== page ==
Maxine Waters (D-CA) is back, and this time she has a bigger posse. She earlier fired off a letter to FCC Chairman Julius Genachowski pushing for field hearings on the proposed Comcast/NBCU merger complete with 45 co-signers. She has added 23 more to that group.
She added the new members to the original letter via an addendum, saying that taken as a whole the signatures represent a “geographically, ideologically and racially diverse group.”
Further, in a House Judiciary hearing on the DOJ, Waters asked Attorney General Eric Holder if he thought evidence brought to light via field hearings could help instruct the DOJ’s review of the merger, he said “they could be.”
“As stewards of the common good and as policymakers, it is important for us to do all that we can to ensure full transparency in the merger,” said Waters. “We’ve heard from many consumer and media advocacy groups who raise concerns about each company’s overall business activities related to programming, ownership and personnel diversity, and who fear that a merger of this size and scope would have a broad impact on the American consumer.”
She concluded, “I am pleased that more of my colleagues have joined me in this endeavor, and I am encouraged that FCC Commissioner Mignon Clyburn has voiced her support for public hearings on the merger as well. In an age of media consolidation and a lack of female and minority diversity in the boardroom, my colleagues and I are committed to a process that asks tough questions, provides answers, and ensures the American people that their best interests are considered.”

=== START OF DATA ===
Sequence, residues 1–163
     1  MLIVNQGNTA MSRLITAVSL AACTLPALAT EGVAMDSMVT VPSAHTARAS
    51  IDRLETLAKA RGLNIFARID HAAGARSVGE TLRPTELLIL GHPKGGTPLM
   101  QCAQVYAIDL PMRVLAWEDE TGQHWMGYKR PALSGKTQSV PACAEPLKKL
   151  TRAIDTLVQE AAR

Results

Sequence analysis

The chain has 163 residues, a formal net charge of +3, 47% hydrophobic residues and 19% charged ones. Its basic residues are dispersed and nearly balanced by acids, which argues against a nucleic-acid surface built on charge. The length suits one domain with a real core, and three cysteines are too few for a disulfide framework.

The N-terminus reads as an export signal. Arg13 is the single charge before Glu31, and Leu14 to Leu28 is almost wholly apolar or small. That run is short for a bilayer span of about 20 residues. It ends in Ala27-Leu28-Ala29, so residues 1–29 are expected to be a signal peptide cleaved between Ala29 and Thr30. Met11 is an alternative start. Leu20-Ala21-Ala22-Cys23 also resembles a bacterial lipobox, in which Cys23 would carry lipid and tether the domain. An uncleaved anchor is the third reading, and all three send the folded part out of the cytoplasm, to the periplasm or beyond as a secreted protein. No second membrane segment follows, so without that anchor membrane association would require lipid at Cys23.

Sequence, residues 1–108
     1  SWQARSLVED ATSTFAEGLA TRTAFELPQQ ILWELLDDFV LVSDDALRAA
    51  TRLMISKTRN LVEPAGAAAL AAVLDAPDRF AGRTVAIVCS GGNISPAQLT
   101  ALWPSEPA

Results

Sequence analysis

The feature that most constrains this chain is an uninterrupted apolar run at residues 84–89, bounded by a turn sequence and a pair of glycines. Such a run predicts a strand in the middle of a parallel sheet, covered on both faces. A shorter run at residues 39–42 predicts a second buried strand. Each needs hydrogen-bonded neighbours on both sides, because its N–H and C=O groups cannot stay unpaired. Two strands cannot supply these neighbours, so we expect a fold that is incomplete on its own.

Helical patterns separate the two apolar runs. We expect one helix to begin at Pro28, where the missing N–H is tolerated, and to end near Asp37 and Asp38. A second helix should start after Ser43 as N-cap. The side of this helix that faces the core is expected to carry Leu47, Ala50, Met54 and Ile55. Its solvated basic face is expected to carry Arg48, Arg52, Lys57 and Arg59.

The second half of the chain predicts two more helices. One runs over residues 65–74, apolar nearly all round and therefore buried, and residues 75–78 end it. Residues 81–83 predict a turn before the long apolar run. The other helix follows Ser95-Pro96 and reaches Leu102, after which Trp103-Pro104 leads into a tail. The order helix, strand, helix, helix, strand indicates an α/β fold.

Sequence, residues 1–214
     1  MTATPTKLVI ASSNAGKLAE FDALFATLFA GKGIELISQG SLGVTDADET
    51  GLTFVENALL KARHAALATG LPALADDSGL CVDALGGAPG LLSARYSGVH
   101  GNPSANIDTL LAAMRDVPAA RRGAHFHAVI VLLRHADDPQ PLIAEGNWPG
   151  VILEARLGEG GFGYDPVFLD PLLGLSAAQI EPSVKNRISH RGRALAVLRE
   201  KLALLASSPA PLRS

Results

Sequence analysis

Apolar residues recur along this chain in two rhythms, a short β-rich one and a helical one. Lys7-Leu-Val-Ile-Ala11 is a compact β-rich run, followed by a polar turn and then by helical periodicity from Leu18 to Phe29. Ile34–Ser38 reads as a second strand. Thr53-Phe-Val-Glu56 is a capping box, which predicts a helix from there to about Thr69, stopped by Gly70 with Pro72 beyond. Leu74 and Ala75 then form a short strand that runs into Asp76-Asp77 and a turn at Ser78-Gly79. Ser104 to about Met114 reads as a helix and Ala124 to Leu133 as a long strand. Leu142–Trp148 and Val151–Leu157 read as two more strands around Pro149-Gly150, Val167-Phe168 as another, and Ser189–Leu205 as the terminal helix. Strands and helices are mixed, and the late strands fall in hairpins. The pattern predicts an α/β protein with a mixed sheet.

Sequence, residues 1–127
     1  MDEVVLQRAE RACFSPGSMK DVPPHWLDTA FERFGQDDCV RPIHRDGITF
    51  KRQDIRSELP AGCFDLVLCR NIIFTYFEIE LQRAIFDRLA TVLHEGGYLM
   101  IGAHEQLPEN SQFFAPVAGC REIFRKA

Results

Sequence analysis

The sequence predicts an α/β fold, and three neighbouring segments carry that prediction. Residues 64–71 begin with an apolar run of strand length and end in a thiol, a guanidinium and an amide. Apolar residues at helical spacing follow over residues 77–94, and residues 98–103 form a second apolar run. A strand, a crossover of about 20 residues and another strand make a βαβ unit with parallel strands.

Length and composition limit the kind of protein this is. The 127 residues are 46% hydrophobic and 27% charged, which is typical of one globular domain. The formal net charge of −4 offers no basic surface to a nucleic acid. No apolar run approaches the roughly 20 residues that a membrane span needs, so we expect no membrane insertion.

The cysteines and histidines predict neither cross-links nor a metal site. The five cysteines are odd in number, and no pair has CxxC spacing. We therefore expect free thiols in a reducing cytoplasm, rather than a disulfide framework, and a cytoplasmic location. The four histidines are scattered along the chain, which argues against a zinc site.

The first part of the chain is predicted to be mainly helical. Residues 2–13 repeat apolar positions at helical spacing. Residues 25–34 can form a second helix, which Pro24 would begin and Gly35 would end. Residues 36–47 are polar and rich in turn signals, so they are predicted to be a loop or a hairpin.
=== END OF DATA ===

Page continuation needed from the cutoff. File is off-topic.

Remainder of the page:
RBR-TVBR observation: Here is evidence that Waters well knows how to play the game in Washington. She made the exact same point awhile back that she is making now. It gets some press, and then it goes down the memory hole as new issues spring up and take center stage. So she patches on a few more signatures to the original document and brings it up again. And a week or so from now, Waters can collect another 20 signatures and do it a third time.
We believe that field hearings accomplish very little. They do not attract a cross-section of the American public, they attract activists; they do not attract satisfied customers of Comcast or NBCU, they attract people with a bone to pick.
But maybe it is a good think to force the two companies to face their detractors in public. They can attempt to turn such a meeting into a positive. It gives them a chance to explain themselves and to counter negative charges.
But in the end, although we aren’t philosophically opposed to the idea of field hearings, we just don’t think they tend to be very productive.